Held Back by Others’ Expectations

“To those whom much is given, much is expected.”

This quote echoes through my being as I discuss potential changes in my life direction with my parents. Currently, it holds me back. Their opinion of what I am doing and how I measure up carries enormous weight. For it is true — they have given me so much and I should use the gifts that they have provided to create a meaningful life. But what if our definition of meaning is different? They seem more interested in titles, money, ensuring that I can live an American Dream…

What happens when my dream is so much different than theirs? Historically, it has led to a middle ground — I will succeed in the current system, but I will do it in my own way.

But these gifts: education,  critical thinking skills, a desire to do what is right, an impetus toward spiritual growth…they have led to different realizations about the way that the world works and my place in it than what they had hoped. They want me to live the actions of these realizations “on the side”, as my hobbies, which is what I have been doing, but what if that is no longer enough? I need real skills, I need to create change, I need to feel free…and I don’t know if that’s possible  in my current situation.  Maybe “on the side” will be enough as I finish 3 more years of a PhD (isn’t 4 enough?) because maybe this degree will open more opportunities to bring about the change I wish to see, and the title is certainly appealing. But why is this even appealing? It’s just some ego-feeding nonsense that creates a false hierarchy in society. While having a PhD is a good indication that a person can work independently on a project and probably possesses a certain type of intelligence, it does not say anything about one’s character, moral outlook, and ability to perform intelligently in a variety of useful ways. Of course, this is not to say that this is always the case. I have just been surprised by the number of supposedly intelligent people (PhDs and the like) I have met that are not more inspired to create change in areas outside of work (and how much impact will our work actually have in the world at large?).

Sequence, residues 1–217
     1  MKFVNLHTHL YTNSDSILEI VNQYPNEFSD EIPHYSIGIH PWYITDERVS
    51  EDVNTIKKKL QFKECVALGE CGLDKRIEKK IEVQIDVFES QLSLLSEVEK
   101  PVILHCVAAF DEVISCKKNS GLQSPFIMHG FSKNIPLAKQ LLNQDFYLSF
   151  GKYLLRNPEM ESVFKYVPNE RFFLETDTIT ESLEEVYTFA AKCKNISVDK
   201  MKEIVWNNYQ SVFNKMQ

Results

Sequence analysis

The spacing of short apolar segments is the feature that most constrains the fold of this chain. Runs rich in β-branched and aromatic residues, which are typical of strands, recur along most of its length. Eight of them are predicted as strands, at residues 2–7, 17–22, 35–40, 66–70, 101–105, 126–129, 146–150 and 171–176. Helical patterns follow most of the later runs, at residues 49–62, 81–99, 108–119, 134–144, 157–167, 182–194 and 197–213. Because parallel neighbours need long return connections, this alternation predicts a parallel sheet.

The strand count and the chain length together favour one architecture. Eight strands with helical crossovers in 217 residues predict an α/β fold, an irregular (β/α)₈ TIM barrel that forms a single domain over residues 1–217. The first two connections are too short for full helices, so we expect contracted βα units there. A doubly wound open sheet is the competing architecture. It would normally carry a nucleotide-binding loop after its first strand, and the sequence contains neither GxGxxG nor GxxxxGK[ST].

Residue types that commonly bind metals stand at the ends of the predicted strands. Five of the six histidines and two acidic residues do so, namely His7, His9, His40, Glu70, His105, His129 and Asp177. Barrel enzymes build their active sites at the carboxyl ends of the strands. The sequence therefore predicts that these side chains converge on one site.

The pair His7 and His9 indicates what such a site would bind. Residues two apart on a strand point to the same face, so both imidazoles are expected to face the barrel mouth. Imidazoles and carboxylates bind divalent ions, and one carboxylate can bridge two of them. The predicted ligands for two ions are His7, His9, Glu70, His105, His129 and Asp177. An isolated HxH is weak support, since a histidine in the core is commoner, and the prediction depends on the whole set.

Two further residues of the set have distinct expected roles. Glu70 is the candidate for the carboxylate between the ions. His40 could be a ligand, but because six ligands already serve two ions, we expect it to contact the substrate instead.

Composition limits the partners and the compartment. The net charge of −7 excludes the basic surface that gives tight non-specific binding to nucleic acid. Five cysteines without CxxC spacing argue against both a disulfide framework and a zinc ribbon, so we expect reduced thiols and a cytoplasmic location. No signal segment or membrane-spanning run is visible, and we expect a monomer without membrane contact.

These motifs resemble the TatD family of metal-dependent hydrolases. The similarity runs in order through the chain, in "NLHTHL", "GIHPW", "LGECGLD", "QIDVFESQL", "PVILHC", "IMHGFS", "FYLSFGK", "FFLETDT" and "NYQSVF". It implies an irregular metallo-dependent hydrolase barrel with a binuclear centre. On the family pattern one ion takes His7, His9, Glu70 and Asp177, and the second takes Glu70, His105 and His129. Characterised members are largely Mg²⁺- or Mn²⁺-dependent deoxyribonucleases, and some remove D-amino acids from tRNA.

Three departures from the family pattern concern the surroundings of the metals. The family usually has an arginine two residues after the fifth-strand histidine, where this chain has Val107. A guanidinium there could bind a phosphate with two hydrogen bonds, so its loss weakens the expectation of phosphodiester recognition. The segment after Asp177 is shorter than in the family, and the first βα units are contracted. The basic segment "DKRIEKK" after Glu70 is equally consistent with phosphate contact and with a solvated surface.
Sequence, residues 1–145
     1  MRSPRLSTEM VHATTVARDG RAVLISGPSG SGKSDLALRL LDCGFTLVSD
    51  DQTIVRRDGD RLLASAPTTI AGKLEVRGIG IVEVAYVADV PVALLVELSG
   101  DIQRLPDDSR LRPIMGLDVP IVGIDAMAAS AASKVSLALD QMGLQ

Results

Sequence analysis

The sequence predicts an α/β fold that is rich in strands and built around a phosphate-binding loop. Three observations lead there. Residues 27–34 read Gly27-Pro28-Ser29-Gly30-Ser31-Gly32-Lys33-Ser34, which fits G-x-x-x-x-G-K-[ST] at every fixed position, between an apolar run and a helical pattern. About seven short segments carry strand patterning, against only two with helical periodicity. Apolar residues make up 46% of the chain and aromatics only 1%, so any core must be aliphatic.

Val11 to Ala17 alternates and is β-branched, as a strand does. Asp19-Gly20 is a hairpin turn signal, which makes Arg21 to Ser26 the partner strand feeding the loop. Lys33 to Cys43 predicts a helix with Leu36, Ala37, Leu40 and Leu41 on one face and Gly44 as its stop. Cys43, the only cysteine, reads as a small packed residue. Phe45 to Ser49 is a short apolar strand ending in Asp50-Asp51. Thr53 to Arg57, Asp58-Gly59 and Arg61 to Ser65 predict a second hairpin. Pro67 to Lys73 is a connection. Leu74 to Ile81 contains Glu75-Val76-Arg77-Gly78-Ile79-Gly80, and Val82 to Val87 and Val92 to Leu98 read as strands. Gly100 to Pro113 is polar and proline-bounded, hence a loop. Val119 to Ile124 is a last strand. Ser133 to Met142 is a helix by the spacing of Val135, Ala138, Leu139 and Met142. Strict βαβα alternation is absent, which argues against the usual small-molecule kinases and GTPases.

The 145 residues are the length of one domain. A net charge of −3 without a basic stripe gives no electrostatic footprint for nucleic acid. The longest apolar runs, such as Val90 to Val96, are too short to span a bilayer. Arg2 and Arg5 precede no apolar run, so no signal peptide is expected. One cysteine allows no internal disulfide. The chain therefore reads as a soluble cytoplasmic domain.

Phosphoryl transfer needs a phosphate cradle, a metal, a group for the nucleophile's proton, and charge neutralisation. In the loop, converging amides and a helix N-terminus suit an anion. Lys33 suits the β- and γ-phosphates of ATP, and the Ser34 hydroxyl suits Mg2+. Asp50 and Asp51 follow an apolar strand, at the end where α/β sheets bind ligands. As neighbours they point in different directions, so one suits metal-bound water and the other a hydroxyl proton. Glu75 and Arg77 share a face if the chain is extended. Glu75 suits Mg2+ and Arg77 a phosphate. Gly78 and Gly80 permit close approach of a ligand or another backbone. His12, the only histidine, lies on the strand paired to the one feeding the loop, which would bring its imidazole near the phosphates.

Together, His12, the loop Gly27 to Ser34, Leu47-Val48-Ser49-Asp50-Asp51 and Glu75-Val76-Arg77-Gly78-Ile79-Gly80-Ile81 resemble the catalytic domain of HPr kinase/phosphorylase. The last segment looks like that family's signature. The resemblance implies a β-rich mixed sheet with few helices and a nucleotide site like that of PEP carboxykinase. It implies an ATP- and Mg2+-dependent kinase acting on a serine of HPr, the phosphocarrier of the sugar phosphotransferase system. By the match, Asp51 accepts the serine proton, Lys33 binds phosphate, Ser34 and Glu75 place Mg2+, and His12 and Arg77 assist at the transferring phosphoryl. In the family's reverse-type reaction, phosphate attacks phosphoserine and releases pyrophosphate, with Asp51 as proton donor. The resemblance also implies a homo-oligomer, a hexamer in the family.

As I look at the world and all the new directions that could be taken to create a more sustainable way of life (and how urgently they are needed!), I have to wonder if my academic course is truly the best one to impart change. I began this path believing in the conservation and education mission of the zoo (or at least believing that these stated missions might be a possibility) and that I could learn the skills and get the qualifications I need to live my truth through this course of study. It seems that a more radical plan of action is needed…

Will I break free?

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